NOTRE DAME, INDIANA — Notre Dame, Indiana. - The euphoria lasted from mid-February to Easter. Five weeks ago, when this writer was last in the United States, people believed that the country had a new grip on what it wanted and where it was going, and that it could do what it wanted and do it well: Today Iraq, tomorrow the world -- a new world order, a new national agenda.
In South Bend last week one could just as well be back in mid-1990. In fact the mood is worse than a year ago because then Americans felt good about the end of the Cold War. Our system looked great by comparison with what had happened in the East. The future belonged to the democracies.
Then came the Persian Gulf crisis, a sober and responsible debate in Congress over the issues of sanctions and war, followed by a sweeping victory. The Vietnam syndrome was licked, the president said. But victory started to come apart. Realization dawned that a truly horrifying number of Iraqi soldiers had died at American hands, and that literally millions of people were being forced into a blind and tragic migration to nowhere by Saddam Hussein's reprisals against these peoples' attempts to ally themselves with the allied coalition and free themselves from dictatorship.
Developments in liberated Kuwait took an unsavory turn, scarcely consistent with the proclamations of democratic virtue with which Mr. Bush had taken the nation to war. The adrenalin wore off. Americans found the world looking a larger mess than when the U.S. set out to free Kuwait. The ''lesson of Iraq'' is proving to be one of frustrated good intentions and the futility of things -- which is the last subject on which the United States needs another lesson. That was the lesson of Vietnam.
The domestic dimension to this is important. Vietnam was followed within the United States by developing ghetto violence during the 1970s, with seemingly intractable problems of poverty and school failure. Neo-conservatives confirmed popular frustrations by arguing that government programs couldn't solve deep social problems. They said the poor must work their own way out of their plight, and that only the invisible hand of the market can be counted on to order a nation's affairs for the better.
But that has not worked out either. The '80s produced not only visible poverty but also the savings-and-loan debacle, junk bonds and a junk-infested economy, foreign takeovers, deregulations that effected maximum inconvenience on consumers for corporate profit, etc.
These retrograde steps reinforced the popular frustration. Society seemed in the grip of anonymous and omnipotent forces. Even those who celebrated the market said this. Michael Novak of the American Enterprise Institute, a noted defender of the proposition that Reagan-style capitalism is the most just of economic systems because of the creative energies it releases, described homelessness to a University of Notre Dame seminar last week as one of those problems ''we haven't been able to solve.''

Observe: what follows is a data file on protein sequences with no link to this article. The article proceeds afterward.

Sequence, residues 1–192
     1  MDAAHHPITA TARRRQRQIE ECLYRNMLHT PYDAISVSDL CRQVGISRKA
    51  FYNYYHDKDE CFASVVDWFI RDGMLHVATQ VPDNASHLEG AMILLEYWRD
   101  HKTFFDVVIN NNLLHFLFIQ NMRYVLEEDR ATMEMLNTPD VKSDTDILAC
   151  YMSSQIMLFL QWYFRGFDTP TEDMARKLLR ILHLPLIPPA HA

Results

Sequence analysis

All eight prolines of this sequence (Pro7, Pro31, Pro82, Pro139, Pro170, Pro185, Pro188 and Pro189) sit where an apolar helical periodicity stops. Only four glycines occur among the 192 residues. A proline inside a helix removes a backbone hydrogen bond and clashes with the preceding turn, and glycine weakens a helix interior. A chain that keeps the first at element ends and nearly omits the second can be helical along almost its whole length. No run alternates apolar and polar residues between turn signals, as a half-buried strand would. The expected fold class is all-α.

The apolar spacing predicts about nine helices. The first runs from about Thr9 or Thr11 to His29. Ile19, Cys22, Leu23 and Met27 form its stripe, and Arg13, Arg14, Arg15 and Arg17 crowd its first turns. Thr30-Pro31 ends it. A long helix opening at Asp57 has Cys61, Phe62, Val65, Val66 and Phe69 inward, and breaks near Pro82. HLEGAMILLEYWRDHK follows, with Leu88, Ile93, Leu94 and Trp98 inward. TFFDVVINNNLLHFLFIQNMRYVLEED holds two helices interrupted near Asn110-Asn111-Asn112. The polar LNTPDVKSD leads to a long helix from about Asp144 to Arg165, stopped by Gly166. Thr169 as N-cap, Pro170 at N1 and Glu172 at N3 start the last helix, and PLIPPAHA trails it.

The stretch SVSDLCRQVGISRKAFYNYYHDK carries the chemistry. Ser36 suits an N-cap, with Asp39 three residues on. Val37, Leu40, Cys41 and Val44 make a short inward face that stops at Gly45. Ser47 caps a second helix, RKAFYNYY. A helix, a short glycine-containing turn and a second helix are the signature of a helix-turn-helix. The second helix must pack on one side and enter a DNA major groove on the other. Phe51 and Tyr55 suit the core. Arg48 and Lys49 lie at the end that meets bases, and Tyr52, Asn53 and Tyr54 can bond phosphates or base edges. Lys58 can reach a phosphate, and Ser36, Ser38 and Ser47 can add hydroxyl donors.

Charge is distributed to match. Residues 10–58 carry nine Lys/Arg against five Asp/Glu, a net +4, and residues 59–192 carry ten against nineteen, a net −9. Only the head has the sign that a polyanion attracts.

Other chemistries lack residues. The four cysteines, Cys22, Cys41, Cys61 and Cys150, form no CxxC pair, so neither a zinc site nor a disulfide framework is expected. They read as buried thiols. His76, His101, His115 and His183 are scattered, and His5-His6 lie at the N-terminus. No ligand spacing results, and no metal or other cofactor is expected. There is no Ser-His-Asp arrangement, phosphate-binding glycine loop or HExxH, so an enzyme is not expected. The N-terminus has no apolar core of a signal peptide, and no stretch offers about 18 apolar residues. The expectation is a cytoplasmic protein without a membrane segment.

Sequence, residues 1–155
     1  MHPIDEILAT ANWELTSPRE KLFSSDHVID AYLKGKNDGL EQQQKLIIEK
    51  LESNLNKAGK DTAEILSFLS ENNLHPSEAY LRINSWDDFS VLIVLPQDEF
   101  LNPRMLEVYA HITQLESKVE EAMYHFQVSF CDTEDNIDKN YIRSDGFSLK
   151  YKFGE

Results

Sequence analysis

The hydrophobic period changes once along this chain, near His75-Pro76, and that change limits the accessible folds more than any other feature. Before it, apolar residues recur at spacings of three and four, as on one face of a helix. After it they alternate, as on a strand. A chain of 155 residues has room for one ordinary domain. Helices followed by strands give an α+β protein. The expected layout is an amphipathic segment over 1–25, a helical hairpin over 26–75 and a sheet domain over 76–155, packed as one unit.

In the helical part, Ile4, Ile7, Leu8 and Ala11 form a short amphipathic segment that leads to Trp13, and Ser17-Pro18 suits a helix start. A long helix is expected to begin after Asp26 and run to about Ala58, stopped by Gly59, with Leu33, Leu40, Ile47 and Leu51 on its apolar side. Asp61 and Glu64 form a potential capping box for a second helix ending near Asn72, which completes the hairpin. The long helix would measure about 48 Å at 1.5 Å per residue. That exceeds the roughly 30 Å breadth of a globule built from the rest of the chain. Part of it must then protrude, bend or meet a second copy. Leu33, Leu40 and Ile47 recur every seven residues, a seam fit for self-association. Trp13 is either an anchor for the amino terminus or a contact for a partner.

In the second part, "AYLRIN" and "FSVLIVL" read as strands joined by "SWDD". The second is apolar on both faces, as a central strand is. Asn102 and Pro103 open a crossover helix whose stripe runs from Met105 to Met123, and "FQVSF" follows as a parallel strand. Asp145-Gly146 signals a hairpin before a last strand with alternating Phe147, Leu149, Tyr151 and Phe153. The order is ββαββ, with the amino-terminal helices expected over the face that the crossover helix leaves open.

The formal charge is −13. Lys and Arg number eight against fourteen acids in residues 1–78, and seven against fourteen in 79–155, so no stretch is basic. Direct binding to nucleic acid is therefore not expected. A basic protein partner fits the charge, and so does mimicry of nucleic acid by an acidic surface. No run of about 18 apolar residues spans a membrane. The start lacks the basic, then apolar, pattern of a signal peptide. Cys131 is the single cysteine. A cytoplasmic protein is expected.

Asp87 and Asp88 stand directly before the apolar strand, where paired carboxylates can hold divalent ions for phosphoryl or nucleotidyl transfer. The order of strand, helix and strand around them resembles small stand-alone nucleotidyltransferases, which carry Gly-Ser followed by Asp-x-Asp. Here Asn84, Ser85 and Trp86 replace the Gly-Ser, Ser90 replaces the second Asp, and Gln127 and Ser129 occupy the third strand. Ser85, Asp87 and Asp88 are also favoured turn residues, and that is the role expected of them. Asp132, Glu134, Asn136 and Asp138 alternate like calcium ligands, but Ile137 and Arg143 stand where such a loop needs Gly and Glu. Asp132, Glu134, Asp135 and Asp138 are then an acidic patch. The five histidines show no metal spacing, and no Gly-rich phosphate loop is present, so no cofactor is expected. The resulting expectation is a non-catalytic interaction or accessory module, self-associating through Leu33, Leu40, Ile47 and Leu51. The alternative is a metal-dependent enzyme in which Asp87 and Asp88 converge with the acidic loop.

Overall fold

It was a characteristic statement of 1980s passivity with respect to social issues. Yet the problem of the homeless actually was solved long ago in the United States. A decade ago the streets of American cities did not teem with the impoverished homeless. Even the Great Depression saw nothing on the scale of today's spectacle of misery, or today's abdication by government of elementary social responsibilities.
Homelessness was made a problem by a liberal campaign to ''free'' the mentally ill from asylums and hospitals where they allegedly were held in violation of their civil rights, giving them over to community care which in practice proved nonexistent, a program supported by some conservative forces because of the opportunity it afforded for cutting government spending on facilities for the mentally ill.
At the same time the Reagan administration cut or ended funding to low-income housing and other social programs that in the past had helped those who today find themselves unemployed, hence homeless, and unemployable because they are homeless. Americans previously had the problem solved, as most other democracies have it solved. We unsolved it for ideological reasons of both left and right.
Six weeks ago it was possible to believe that this kind of abdication of social responsibility in the face of anonymous and allegedly irresistible forces was about to end. It seemed that the United States was ready to attack its problems, believing in itself and in its capacity to accomplish good things. Now the mood again is back to frustration, bafflement that a military victory produces social calamity. A miasma of pessimism has settled over the land again. The lesson of Iraq now seems only a reiteration of the lesson of Vietnam, that of the uselessness of action.
William Pfaff is a syndicated columnist.